David Pumfrey will only be supervising projects for the MSc in Safety Critical Systems Engineering (SCSE) and MSc in Gas Turbine Control (GTC) this year.
I am happy to consider suggestions for student-defined projects. Some further suggestions of my own appear below; note that all of these are open for discussion, i.e. if my suggestion inspires an idea for a related project, or you'd like to change the scope or direction of one of my suggestions, please feel free to talk to me about it.
11.djp.1 Sneak Analysis: Realising the Potential [SCSE]
Sneak Analysis has existed in various forms since the mid-1960s. Sneak Circuit Analysis [1.1] is the best-defined and most widely used variant of the technique, and is supported by a number of excellent tools for use in specific domains, such as 12-volt automotive circuitry.
Other variants of the technique, however, such as sneak at system level, or software sneak analysis, have not found particularly wide acceptance. This has been at least partly due to the originators of the techique resisting widespread publication of guidance for the method. Recently, however, the European Space Agency / ECSS (European Cooperation for Space Standardisation) has published its own standard for Sneak Analysis (including Software Sneak Analysis), which is available as two documents: "method and procedure" [1.2] and "clue list" [1.3].
From the documentation of Sneak Analysis that has previously been available, it appears that the method incorporates some unique ideas (such as its "path" model, and explicit investigation of unintended interactions) which offer the potential for a more comprehensive and powerful analysis than widely accepted techniques such as HAZOP [1.4, 1.5]. However, many system safety engineers who have reviewed the method (and the ESA documentation) have been repelled by its apparent complexity, the huge set of "clues" proposed, and by the difficulty of gaining confidence in the completeness and validity of the analysis.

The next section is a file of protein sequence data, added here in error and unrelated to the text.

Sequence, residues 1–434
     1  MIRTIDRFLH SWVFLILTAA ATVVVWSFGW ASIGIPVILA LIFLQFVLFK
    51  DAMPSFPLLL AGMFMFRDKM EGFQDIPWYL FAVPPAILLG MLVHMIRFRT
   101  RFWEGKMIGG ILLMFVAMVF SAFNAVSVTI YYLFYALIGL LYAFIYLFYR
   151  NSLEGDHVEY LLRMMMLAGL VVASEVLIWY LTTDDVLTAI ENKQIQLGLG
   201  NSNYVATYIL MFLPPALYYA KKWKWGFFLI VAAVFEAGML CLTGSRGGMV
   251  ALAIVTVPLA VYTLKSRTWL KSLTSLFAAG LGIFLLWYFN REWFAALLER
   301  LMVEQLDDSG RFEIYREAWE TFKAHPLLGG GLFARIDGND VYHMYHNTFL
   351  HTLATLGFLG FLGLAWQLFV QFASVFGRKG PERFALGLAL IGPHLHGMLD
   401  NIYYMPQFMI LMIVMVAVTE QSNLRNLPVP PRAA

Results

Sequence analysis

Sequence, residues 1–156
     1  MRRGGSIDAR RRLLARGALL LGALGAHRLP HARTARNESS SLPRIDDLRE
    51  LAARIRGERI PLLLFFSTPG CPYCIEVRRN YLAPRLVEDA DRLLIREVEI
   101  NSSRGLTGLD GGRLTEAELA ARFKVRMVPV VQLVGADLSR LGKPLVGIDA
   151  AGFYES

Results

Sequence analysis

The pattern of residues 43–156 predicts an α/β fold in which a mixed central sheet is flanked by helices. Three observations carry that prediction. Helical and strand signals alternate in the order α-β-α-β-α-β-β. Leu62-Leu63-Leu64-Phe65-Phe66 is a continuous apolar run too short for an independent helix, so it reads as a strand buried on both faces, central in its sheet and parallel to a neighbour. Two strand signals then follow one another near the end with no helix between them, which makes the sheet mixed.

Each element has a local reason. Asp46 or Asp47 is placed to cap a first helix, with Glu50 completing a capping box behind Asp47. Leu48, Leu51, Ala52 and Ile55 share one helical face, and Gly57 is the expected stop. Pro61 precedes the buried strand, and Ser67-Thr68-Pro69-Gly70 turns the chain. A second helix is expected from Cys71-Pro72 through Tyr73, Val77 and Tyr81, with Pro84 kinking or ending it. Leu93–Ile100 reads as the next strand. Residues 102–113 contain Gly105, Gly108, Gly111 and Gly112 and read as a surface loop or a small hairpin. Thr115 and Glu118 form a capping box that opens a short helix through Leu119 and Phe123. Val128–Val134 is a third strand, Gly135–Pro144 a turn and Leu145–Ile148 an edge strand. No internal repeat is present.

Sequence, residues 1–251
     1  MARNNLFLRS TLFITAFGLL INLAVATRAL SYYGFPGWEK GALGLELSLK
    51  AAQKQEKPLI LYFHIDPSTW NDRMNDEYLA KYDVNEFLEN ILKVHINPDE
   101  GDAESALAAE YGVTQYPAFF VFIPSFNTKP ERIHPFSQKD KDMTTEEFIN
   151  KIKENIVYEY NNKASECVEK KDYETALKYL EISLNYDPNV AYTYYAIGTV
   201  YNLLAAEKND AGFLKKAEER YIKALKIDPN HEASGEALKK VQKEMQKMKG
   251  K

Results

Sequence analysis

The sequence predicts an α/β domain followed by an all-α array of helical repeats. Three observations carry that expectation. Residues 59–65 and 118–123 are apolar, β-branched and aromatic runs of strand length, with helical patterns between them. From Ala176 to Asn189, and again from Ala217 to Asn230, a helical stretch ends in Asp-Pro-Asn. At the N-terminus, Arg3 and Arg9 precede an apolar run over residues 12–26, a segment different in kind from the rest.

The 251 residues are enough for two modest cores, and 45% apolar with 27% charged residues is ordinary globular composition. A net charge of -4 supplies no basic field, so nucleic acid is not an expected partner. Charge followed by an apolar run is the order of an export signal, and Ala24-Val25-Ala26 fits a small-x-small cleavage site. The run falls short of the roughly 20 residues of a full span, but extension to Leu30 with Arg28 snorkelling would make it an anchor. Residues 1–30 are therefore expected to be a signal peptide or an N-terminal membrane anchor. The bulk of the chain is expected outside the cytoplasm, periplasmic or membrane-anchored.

A few years ago, researchers in the HISE group at York conducted a review of HAZOP [1.6, 1.7], which attempted to identify the key features that give the technique its strength and utility. The review resulted in a technique called "SHARD", which was designed to retain the principal technical benefits of HAZOP whilst reducing the cost and effort required to apply it.
This project aims to do something similar for Sneak Analysis, i.e. to investigate whether there are useful ideas and features which are unique to Sneak Analysis that could be retained, whilst cutting down the size of the clue set and finding other refinements to produce a more practical and cost-effective approach ("Sneak-Lite"!)
The project will review the available documentation of all forms of Sneak Analysis, with especial focus on the ESA standard. Having identified and characterised the underlying principles of the technique, a minimal "core" method will be defined, which retains the unique features of Sneak whilst simplifying the clue lists, and reducing the dependence on highly experienced analysts. The refined method will be tested by practical application to at least one substantial case study.
[1.1] Rankin J.P., Sneak Circuit Analysis. Nuclear Safety, vol. 14 no. 5, 1973
[1.2] European Cooperation for Space Standardization (ECSS), Space Product Assurance: Q-40-04 Part 1A: Sneak Analysis - Part 1: Method and Procedure, ECSS Secretariat, Requirements and Standards Division, Noordwijk, The Netherlands, 1997
[1.3] European Cooperation for Space Standardization (ECSS), Space Product Assurance: Q-40-04 Part 2A: Sneak Analysis - Part 2: Clue List, ECSS Secretariat, Requirements and Standards Division, Noordwijk, The Netherlands, 1997
[1.4] CISHEC, A Guide to Hazard and Operability Studies, 1977. The Chemical Industry Safety and Health Council of the Chemical Industries Association Ltd